Throughout the performance Gatti revealed his intuitive sense of breath and phrasing which comes from his experience conducting opera. Though maintaining a tight control generally on orchestral dynamics, the climaxes were impressive, the Concertgebouw’s typically burnished brass playing with a wonderful clarity. I felt a poignancy here not because of Gatti and his orchestra, but simply from the fact that this was the first time I had heard this music ‘live’ since the death earlier this year of the great heroic tenor Alberto Remedios. I could hear the voice of that wonderful Siegfried throughout these voiceless ‘bleeding chunks’ and it brought back many happy memories.

On his untimely death the Adagio was one of two movements of the Tenth Symphony that Mahler had virtually completed, barring revisions that undoubtedly he would have subsequently made to it. The opening searching theme in the violas is dark and ambiguous and there follows a deeply consoling theme in strings and trombones bringing along greater hope. From Gatti and the Concertgebouw there seemed a sense of inconsolable grief juxtaposed with a danse macabre. Halfway through the movement comes the great nine-note dissonance, a great ‘scream’ chord. This seems to be Mahler’s reaction to the discovery of his wife Alma’s affair with Walter Gropius. It always makes me wonder where Mahler might have been going with his new music in this Tenth Symphony, but it all ends with a quiet coda bringing with it an atmosphere of long overdue repose. Nobody does repose better than the Concertgebouw and especially, as here, under Gatti.

Three Pieces for Orchestra Op.6, is as close as Alban Berg ever came to writing a symphony. All three pieces are essentially atonal and arching in structure, a mixture of animated angular music, powerful orchestral tutti and the odd elegant moment that is reminiscent of Mahler. In the first piece ‘Präludium’ (Prelude) there was the hint of Mahler’s Ninth Symphony in the portentous percussion in the agitated opening. The second movement is entitled ‘Reigen’ (Round Dance) which employs Viennese waltz and Ländler time that was another Mahler favourite. (Truth be told, even though I knew there was a waltz-like influence here I struggled to discern it.) The more insistently Romantic music was in the concluding ‘Marsch’ (March) where the dramatic music appears to be a mix of Mahler and Schoenberg; winding up to a conclusion which seems to conflate Bruckner and Brahms with Mahler’s Sixth Symphony through some hammer blows which were thwacked down with relish. It was redolent of the inevitability of doom though as Paul Griffiths’s programme note attested: ‘It is always hazardous to attempt to account for works of art in terms of general history, but it is hard to overlook the fact that this catastrophe in sound is dated August 1914’. Berg’s music clearly is representative of the disintegration of fin-de-siècle Vienna at the start of World War I.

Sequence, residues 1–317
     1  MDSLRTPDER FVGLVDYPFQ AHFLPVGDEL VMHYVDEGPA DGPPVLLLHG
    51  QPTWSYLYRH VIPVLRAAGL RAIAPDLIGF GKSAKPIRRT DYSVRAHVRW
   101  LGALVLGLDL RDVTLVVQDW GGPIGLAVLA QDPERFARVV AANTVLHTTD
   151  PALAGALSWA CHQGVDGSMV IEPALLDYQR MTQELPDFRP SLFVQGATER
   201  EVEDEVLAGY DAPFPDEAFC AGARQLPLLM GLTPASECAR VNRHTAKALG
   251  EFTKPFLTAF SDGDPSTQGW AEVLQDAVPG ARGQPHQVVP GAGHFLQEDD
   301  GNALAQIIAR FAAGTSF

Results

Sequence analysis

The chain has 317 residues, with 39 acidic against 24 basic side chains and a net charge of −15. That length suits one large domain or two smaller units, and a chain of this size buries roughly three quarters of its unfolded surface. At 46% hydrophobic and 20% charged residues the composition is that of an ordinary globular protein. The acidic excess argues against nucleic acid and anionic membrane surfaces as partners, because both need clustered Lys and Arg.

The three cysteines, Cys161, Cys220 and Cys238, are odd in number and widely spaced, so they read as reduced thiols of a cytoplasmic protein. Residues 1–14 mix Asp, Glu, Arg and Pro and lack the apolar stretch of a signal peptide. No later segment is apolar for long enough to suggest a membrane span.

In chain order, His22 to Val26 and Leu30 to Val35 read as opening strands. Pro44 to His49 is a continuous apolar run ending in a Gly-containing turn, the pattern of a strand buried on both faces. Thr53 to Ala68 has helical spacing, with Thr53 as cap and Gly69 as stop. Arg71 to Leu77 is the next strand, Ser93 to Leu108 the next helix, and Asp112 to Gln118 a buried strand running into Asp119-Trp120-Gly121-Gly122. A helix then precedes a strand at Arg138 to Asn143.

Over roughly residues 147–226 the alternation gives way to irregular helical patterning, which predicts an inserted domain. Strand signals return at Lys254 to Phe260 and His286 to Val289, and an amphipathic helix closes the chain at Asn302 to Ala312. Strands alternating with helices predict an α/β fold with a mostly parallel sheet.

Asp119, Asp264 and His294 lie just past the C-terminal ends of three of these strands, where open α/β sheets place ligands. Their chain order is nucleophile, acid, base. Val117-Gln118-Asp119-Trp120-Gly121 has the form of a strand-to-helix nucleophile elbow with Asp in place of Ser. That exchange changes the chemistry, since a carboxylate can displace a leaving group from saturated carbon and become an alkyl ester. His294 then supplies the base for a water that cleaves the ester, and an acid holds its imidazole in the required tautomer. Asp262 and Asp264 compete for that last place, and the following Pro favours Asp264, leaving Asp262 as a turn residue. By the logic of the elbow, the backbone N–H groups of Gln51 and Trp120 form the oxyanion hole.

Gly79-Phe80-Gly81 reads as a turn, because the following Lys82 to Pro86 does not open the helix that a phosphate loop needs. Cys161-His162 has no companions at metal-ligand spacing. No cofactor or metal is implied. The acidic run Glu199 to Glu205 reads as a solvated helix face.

It was lucidly conducted by the calming presence of Daniele Gatti on the podium and magnificently and fearlessly played by the Royal Concertgebouw Orchestra who are always welcome visitors to the Barbican Hall.

Jim Pritchard